William Morris’s exquisitely transcribed and illuminated 1872 version of the Rubáiyát of Omar Khayyám is reproduced in complete facsimile in this new Folio Society edition.
With original paintings by the author
With original paintings by the author
The remarkable verse of Kahlil Gibran has touched the lives of tens of millions of people. This hugely influential work is now presented in a stunning Folio edition for the first time.
After 12 years in exile, the wise man Al Mustapha is about to set sail for his homeland. His parting gift to the inhabitants of the island on which he has been exiled is a series of poems on life’s crucial questions, including love, family, work and death. First published in 1923, translated into more than 40 languages and never out of print, Kahlil Gibran’s lyrical expression of spiritual truth has been adopted universally by people of all and no faiths.
This long-awaited Folio edition is an exquisite tribute to a literary phenomenon, with the 26 verses published alongside full-colour renditions of the author’s original paintings. Gibran considered himself foremost an artist, and we worked closely with the Gibran Foundation in Lebanon to source and carefully reproduce this spectacular collection. The poems are set in the cursive Poetica typeface, specifically selected for its clarity. A beautiful blocked binding, ribbon marker and striking metallic-blocked slipcase complete this collector’s edition.
Bound in blocked cloth with typography by Undt
Set in Poetica
Frontispiece and 10 integrated colour illustrations and 2 black & white illustrations
10¼˝ x 7½˝
One of the bestselling books of all time
Such is the universal adoration for The Prophet that only Shakespeare and Lao Tzu have outsold it, and its timeless messages continue to inspire. Gibran speaks with an honesty and purity that forges instant connections. For this reason, his work is frequently shared to celebrate unions and commemorate lives: weddings and christenings the world over have included readings from his book, and it is the perfect gift to mark significant life events.
Love one another, but make not a bond of love:
Let it rather be a moving sea between the shores of your souls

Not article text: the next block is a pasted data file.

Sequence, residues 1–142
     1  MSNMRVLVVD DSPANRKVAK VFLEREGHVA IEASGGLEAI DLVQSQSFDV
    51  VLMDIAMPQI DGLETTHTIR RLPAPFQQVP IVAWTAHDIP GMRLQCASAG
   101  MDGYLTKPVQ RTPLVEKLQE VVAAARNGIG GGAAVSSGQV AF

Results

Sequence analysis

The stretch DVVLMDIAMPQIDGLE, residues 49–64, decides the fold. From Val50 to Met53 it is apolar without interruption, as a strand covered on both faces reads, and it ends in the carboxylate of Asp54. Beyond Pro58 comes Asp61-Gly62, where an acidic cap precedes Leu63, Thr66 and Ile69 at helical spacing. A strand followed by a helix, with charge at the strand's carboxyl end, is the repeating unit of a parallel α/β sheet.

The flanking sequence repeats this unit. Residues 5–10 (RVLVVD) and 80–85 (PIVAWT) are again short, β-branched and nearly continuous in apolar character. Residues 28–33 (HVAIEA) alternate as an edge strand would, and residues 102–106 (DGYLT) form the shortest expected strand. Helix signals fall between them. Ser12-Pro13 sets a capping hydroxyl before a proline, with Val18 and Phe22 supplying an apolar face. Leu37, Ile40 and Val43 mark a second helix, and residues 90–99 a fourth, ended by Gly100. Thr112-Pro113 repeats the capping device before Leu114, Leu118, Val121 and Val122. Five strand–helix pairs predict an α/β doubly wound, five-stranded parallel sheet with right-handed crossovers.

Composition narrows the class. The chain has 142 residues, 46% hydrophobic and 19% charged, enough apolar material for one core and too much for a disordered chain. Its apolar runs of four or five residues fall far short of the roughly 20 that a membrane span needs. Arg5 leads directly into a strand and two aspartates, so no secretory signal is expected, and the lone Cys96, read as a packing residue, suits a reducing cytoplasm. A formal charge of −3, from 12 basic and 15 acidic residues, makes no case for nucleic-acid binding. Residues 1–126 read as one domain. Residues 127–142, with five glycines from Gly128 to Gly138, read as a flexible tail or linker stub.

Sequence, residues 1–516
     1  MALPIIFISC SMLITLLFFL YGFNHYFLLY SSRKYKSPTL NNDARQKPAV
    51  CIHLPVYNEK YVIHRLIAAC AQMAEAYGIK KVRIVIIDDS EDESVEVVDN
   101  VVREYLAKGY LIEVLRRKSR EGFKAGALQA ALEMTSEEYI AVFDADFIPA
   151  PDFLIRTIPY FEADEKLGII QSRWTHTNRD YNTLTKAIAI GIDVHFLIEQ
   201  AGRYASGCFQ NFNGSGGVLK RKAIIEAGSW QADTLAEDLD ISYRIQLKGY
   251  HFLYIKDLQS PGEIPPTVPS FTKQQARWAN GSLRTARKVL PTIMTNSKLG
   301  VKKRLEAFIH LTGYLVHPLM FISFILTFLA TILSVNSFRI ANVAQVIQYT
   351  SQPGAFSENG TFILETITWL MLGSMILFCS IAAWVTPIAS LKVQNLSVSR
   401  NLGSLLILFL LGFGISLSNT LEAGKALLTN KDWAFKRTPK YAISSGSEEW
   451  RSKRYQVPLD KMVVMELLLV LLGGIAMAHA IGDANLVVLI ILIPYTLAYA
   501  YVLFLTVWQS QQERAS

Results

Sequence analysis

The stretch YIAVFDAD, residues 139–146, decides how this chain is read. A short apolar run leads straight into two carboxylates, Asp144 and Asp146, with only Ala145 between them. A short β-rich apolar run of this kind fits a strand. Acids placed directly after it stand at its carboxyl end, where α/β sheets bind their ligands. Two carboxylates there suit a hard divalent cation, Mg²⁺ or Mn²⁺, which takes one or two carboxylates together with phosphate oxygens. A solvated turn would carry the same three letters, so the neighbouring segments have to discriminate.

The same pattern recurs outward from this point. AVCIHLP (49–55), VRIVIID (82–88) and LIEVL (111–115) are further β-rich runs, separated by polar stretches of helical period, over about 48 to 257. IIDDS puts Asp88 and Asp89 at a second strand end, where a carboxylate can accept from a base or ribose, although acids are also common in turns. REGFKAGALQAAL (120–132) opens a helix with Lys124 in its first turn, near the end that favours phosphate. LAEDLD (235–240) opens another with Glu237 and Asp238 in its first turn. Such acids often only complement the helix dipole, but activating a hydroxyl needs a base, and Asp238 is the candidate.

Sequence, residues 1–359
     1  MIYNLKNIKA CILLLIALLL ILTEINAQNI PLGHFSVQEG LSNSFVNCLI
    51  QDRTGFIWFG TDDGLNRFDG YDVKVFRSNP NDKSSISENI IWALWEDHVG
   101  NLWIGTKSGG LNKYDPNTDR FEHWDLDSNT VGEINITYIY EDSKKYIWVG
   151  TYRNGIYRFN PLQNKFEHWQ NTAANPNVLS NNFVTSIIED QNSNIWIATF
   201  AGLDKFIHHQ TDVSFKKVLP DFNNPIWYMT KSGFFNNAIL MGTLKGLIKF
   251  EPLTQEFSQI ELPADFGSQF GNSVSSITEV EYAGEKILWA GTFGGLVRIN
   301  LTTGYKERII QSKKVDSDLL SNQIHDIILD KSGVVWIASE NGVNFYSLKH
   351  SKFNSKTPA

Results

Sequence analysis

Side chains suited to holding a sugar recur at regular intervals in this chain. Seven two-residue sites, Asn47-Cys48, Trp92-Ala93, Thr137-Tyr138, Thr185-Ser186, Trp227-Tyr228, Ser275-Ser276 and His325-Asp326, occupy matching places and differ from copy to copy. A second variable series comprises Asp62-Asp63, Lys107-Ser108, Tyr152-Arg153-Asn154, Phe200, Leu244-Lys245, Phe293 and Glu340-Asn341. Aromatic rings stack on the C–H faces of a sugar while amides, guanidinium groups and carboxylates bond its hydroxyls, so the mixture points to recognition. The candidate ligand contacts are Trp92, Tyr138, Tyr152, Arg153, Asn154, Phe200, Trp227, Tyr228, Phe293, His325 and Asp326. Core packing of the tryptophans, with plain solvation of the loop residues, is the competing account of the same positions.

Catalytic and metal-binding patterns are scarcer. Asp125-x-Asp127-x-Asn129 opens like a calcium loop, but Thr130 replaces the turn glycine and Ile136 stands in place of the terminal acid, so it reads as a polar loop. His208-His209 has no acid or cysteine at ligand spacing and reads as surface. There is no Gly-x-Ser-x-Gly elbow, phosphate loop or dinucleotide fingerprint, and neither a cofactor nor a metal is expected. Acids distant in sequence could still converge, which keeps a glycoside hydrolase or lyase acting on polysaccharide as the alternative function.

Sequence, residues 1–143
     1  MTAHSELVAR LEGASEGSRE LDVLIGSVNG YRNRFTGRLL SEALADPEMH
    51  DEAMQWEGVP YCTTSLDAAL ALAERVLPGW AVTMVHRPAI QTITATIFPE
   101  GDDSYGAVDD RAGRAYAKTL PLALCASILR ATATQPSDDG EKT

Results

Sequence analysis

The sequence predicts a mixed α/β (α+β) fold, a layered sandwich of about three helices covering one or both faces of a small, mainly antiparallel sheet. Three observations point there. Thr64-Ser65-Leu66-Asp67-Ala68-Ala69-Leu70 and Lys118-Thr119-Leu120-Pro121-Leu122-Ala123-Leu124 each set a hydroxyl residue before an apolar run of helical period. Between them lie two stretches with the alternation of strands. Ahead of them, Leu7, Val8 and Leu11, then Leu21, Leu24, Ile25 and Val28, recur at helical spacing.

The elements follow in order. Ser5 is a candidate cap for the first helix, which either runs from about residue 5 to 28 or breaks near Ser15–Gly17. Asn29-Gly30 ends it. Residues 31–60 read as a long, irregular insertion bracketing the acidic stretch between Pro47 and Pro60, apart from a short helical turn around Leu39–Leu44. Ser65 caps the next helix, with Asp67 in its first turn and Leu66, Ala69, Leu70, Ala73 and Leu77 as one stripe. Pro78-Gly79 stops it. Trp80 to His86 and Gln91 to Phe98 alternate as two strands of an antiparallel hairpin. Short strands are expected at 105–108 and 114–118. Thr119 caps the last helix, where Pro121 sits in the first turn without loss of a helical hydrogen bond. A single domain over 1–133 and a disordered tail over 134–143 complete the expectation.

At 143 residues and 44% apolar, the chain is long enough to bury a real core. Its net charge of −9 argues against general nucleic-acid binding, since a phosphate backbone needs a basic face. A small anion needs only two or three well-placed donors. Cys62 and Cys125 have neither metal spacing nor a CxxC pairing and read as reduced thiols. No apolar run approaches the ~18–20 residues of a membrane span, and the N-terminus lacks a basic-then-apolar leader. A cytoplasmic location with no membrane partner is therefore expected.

- excerpt from ’Marriage’
A celebrated writer on the cusp between cultures
Gibrain was born in Lebanon and raised in the United States, while his art studies took him to Paris for two years. He moved fluidly between cultures and languages, writing in both English and Arabic at the beginning of his literary career. His prose, poetry and art are firmly entrenched in romanticism and his readers have been rewarded with one of the great works of mystic poetry; a spiritual manual for life that transcends religion, language and culture.
During his lifetime Gibran was lauded by some of the greatest cultural influencers of the 20th century, including Yeats, Yung and Rodin. His reach only intensified after his death, as readers have continued to turn to his book for inspiration. From influencing Beatles’ song lyrics and John F. Kennedy’s inauguration speech, to inspiring Indira Ghandi and Elvis Presley (he kept an annotated copy of The Prophet locked in a black box), the poetry of Gibran continues to offer words of solace, encouragement and wisdom for daily life.
About Kahlil Gibran
Kahlil Gibran, born in Bsharri in 1883, was a Lebanese writer, poet and artist. In 1895 Gibran and some of his family emigrated to Boston, and during his young adult life he moved between Lebanon, Paris and New York. Deciding to live permanently in New York from 1911, Gibran committed his full attention to writing. In 1920 he joined Al Ra¯bitah Al Qualamiya, an Arabic literary society otherwise known as The Pen League. Their goal was to ‘lift Arabic literature from the quagmire of stagnation and imitation’. Influenced by his peers and fellow society members Nasib Arida and Abdul Massih Haddad, Gibran wrote work in Arabic, including Al-’Awāsif (1920) and Al-Bada’i’waal-Tara’if (1923), as well as in English, including Jesus, the Son of Man (1928) and The Earth Gods (1931), blending Arabic and English language in his unconventional and often rebellious voice. His seminal work, The Prophet (1923), made up of 26 prose poems, has been translated into over 40 languages and since its publication has never been out of print. Gibran died in New York in 1931.
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